There are many examples in this case, including Westman Labs., which show how the PSSA has harmed the relationship between the union and their employer, as well as between the unions and their members.

Strikes become futile because employees cannot change anything, and have no impact on their workplace issues. As a result, you see more underground conflict in day-to-day operations.

Thus, the PSSA has made a great big mess in labour relations in the Province of Manitoba.

4. Sustainability Savings. According to Dr. Hebdon, Section 14 makes no sense and is unlikely to ever be used.

The employer has no incentive to use Section 14. If the measure involves a management right (and therefore outside the collective agreement), the employer isn’t going to want to change it into something now covered by the collective agreement, because it would then no longer be in their exclusive control. Furthermore, if there are any savings in these areas, the employer is better off keeping the matter out of the collective agreement; that way, they can keep all the savings for themselves.

The unions don’t have any incentive to use Section 14 because anything they negotiate for in the collective agreement ends up being a net loss. Because the amount the union can receive under Section 14 is capped at 50%, the most unions can receive is 50 cents on the dollar. It makes no sense for the unions to agree to measures, like reduced overtime, which result in reduced, wages when the employees will only get half of it back at most.

Furthermore, nobody knows whether the Treasury Board will approve of passing the sustainability savings on to the unions, or how much. The Treasury Board has absolute discretion; they can decide whatever they want, including giving the unions nothing at all.

Section 14 is merely a reminder of how little thought the Government put into the development of the PSSA(Indeed.)

There haven’t been any collective agreements that successfully included any sustainability savings under Section 14. The only time it was tried was in the GEMA, where the Government made a number of proposals. They were all on monetary issues which would result in lower wages, and thus were all concessions that, if the union had agreed to them, would be a loss to members that they could at most only get half back.

5. Conditional Ballots. Dr. Hebdon testified that these are very unusual and a result of the “bizarre world” the unions now find themselves in. In all cases, the conditional ballots were the only way the collective agreements could be ratified, and thus are a potent demonstration of protest against the PSSA.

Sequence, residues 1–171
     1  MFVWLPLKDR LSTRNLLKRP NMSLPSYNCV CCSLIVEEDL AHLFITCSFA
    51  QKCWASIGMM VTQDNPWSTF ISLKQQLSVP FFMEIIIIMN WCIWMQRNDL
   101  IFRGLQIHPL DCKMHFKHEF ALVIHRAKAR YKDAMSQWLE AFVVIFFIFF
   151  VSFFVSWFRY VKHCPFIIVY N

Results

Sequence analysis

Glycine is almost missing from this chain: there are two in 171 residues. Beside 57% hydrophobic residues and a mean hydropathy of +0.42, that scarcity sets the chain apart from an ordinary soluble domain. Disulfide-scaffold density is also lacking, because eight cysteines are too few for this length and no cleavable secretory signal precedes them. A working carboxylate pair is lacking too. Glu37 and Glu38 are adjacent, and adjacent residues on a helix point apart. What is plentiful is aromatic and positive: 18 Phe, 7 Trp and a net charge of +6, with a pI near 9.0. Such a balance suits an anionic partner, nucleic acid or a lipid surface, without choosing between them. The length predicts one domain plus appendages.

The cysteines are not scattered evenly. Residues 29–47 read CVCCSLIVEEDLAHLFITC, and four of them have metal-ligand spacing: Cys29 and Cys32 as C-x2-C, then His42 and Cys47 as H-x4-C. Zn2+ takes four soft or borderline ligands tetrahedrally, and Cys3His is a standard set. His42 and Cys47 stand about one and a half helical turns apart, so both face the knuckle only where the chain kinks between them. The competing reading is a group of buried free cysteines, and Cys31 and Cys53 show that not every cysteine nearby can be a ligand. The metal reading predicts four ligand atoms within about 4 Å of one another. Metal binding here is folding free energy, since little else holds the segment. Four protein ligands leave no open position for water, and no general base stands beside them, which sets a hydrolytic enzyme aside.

6. Biased. Dr. Hebdon was of the opinion that the PSSA was biased, unfair, and unnecessarily heavy-handed. He was not challenged on this opinion in cross-examination.

7. Employer loses bargaining power too. Although it is true that Dr. Hebdon admitted that when wages are taken off the table, the employer can lose bargaining power too, that doesn’t mean that the employer’s loss of bargaining power is equal to the unions.

(In fact, the unions almost always lose more. Thus it is probably better to say that while taking wages off the table may change the bargaining power of both sides, it almost always tips the balance of bargaining power in favour of the employer at the expense of the union.)

8. Non-monetary trade-offs. While it is possible to trade non-monetary benefits for each other, the gains achieved tend to be very slight. For example, BUFA thought that the gains it was able to obtain were very minor, and they too had a conditional ballot and section-specific reopeners which called for monetary issues to be reopened if the PSSA was found to be unconstitutional.

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All of these opinions of Dr. Hebdon were credible and were not challenged on cross-examination.

B. the testimony of the other guy

Now Shannon has to go through the Government’s expert testimony on collective bargaining. Hmmm, this is going to be hard for her. It was laughably inept, but you have to be careful about how you describe something this awful in argument. You want to be accurate, and as critical as possible, but you don’t want crap so hard on the witness that the court starts to feel sorry for them.

However, when the testimony was as bad as this testimony was, any description of it cannot help but seem mean.


The Other Guy’s testimony was remarkably biased and lacking objectivity. He was an advocate for the Government “prepared to do or say anything to defend the PSSA.” As a result, his testimony had no value whatsoever.

(Ok, I’m chuckling now. That’s about as nice, and as diplomatic as she could have possibly put it, and it’s still pretty caustic.)

His own academic writing included statements that wage restraint legislation:

Impacts and undermines the labour relations system.

Significantly limits collective bargaining affected by such legislation. 

And, causes collective bargaining to be suspended in many cases.

(Yeah, but none of this was in his report, and on cross-examination he tried to pretend it wasn’t true.)

Furthermore, the Other Guy’s report omitted all mention of conclusions he made in his own textbook that the legal environment, including wage restraint legislation, is a significant factor in collective bargaining, and that when something, like wages, is taken out, that can significantly impact the bargaining process.


In case you think Shannon and I have been a little too harsh in our asssment of the poor Other Guy, here is how a couple of labour board decisions described him: